PersonalMD offered data services to insurance companies. “An interesting anecdote made us popular. We got a call from a person in Atlanta who told us we had saved his life. He met with an accident. The EMT used the victim’s Personal MD card and accessed the records. The EMT guy gave a TV report mentioning how PersonalMD helped save the victim. EHG, an insurance company that focuses on insuring fortune 500 executives acquired Neotrax in 2003 post the dot-com bust. “The system still exists. Some of my employees still work there.
Suresh was an early investor in Vijay and Vishal Sikka’s company called iBrain software. Vishal was 27 when Suresh invested $75,000 in the company.
Interesting fact: “One investor told us that consulting revenue was a distraction. I will fuel you but you do innovation. Then the same investor flipped on us.”
Bhat: What would be your lifelong dream?
Suresh: Be a happy guy. I have done moderately well in financial stability. Relations matter to me the most. At this point in life, I am living the dream. The ability to do what you want to do when you want to do. I am doing that just now. I am blessed that I could do it now. Things fell in right place very early in my life so I could do what I am doing today.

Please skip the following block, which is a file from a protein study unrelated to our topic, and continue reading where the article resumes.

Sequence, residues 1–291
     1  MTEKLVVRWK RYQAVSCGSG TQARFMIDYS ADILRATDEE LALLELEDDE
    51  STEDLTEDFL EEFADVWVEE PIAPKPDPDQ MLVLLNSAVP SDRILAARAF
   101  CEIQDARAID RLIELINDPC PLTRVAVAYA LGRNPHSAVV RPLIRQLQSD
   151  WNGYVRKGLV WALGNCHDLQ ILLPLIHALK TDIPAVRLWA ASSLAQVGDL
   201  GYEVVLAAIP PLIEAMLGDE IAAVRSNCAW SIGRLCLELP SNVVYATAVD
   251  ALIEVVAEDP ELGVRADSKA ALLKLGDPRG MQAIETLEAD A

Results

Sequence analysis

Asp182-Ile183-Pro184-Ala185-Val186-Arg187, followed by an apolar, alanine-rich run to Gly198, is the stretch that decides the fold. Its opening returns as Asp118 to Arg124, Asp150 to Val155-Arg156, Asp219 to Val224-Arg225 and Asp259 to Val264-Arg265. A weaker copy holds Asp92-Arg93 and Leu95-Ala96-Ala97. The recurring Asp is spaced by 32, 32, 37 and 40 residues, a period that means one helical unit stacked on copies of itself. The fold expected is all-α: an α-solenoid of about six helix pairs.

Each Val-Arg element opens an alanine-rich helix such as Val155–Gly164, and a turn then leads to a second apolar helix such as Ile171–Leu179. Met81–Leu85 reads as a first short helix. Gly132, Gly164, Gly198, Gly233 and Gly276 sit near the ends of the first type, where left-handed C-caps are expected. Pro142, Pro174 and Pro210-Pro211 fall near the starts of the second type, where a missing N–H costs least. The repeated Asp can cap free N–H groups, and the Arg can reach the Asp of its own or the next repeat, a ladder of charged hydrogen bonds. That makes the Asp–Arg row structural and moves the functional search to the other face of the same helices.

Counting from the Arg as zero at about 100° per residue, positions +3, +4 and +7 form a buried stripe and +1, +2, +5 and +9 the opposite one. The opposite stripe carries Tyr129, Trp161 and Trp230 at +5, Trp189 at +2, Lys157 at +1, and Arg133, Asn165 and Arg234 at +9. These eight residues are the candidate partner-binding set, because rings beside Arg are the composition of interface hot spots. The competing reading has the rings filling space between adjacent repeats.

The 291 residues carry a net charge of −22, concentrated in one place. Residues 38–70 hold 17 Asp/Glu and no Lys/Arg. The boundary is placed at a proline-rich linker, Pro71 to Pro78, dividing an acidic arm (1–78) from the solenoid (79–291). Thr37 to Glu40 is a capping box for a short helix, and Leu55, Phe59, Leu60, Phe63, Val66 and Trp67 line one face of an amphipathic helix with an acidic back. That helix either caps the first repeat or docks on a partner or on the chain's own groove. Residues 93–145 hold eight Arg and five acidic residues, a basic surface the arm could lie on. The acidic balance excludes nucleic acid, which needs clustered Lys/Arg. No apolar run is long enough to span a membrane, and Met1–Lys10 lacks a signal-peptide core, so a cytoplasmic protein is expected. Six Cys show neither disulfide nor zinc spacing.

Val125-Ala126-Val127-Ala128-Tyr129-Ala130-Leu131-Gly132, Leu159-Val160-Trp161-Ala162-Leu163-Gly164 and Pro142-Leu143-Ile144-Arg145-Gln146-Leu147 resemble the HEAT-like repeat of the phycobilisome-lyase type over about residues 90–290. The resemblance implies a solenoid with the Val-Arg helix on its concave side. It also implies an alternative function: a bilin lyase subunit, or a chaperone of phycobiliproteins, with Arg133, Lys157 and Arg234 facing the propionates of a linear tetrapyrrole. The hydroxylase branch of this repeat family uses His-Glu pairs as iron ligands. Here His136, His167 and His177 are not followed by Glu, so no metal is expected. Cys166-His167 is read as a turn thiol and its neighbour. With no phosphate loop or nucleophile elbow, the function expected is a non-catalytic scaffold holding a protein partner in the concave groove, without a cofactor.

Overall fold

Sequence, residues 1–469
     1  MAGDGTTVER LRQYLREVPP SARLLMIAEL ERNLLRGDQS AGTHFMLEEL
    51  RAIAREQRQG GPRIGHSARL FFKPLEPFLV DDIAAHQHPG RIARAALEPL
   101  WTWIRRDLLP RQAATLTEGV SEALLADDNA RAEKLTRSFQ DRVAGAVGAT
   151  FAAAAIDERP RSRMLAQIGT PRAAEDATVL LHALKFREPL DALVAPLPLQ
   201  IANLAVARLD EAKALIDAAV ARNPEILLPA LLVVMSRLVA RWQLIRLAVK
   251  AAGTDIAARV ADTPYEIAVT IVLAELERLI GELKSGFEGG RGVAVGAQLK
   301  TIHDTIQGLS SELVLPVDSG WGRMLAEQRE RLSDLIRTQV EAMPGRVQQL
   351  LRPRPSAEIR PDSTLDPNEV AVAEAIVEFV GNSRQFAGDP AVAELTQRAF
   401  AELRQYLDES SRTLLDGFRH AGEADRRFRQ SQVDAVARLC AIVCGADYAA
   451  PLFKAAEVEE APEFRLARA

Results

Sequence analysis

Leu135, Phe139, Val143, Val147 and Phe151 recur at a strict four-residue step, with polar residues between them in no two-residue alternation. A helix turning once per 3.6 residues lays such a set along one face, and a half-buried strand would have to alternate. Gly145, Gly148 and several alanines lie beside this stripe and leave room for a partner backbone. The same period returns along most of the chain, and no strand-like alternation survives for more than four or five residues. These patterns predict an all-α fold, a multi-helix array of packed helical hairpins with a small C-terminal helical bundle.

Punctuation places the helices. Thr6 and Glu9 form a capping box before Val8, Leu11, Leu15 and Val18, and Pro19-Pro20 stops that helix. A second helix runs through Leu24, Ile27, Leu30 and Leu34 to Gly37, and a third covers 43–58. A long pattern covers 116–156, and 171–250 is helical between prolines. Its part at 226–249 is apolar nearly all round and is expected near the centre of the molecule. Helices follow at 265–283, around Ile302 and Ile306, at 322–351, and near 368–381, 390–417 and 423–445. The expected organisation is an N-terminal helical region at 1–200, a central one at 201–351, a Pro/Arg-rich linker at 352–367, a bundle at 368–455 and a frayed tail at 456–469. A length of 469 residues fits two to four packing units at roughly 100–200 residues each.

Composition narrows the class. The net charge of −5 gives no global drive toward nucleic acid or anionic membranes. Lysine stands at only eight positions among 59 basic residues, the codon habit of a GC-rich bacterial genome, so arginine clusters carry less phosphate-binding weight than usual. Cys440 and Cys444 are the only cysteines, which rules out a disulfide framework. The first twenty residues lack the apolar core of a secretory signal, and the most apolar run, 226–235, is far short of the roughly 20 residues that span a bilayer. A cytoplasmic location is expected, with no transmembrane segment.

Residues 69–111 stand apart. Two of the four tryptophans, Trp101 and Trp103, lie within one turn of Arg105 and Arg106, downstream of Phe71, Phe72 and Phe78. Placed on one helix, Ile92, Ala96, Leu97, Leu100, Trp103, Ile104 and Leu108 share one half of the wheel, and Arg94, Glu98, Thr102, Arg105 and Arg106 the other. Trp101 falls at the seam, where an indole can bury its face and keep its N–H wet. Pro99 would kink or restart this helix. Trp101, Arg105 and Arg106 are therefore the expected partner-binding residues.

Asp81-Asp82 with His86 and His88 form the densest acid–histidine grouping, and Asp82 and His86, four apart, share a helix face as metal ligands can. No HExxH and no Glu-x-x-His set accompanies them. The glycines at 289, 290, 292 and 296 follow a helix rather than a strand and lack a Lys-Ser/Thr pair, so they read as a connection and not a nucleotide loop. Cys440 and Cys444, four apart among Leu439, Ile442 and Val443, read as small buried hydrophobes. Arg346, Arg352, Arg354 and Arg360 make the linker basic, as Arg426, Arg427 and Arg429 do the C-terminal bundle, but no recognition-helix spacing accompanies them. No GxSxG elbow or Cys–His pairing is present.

Bhat: If you are stranded on an island, what two things would you take with you?
Suresh: Fishing rod and golf club.
Bhat: What compliments do people give you the most?
Suresh: “I smile a lot” is what people say.
Bhat: What have you done that you are most proud of?
Suresh: All the companies i have built are still in existence and are doing well.
Bhat: Leader or a follower?
Suresh: More of a leader. I don’t follow others in doing things, in that sense.
Bhat: Define happiness?
Suresh: Ability to do what you want to do when you want to do.
Bhat: When was the last time you laughed out loud?
Suresh: Every day. As early as yesterday, I had a good time with my childhood friend and reminisced past experiences and had great time.
Bhat: Four things you would change about yourself?
Suresh: I wish I could learn new skills at this time. I am having hard time. Better public speaking. I wish I picked golf early, something that looks very simple but is frustratingly hard.
Bhat: What is the first thing you think of in the morning?
Suresh: Things do for the day come to my mind. Read three newspapers for couple of hours.
Bhat: What will you never do?
Suresh: I never talk behind people’s back.
Bhat: Who instilled in you to go big?
Suresh: My dad was a huge influence. Humble background of farming “family”. He was a self-made man – became a leading lawyer and went on to become the Chief Justice of AP”
Bhat: The next big thing?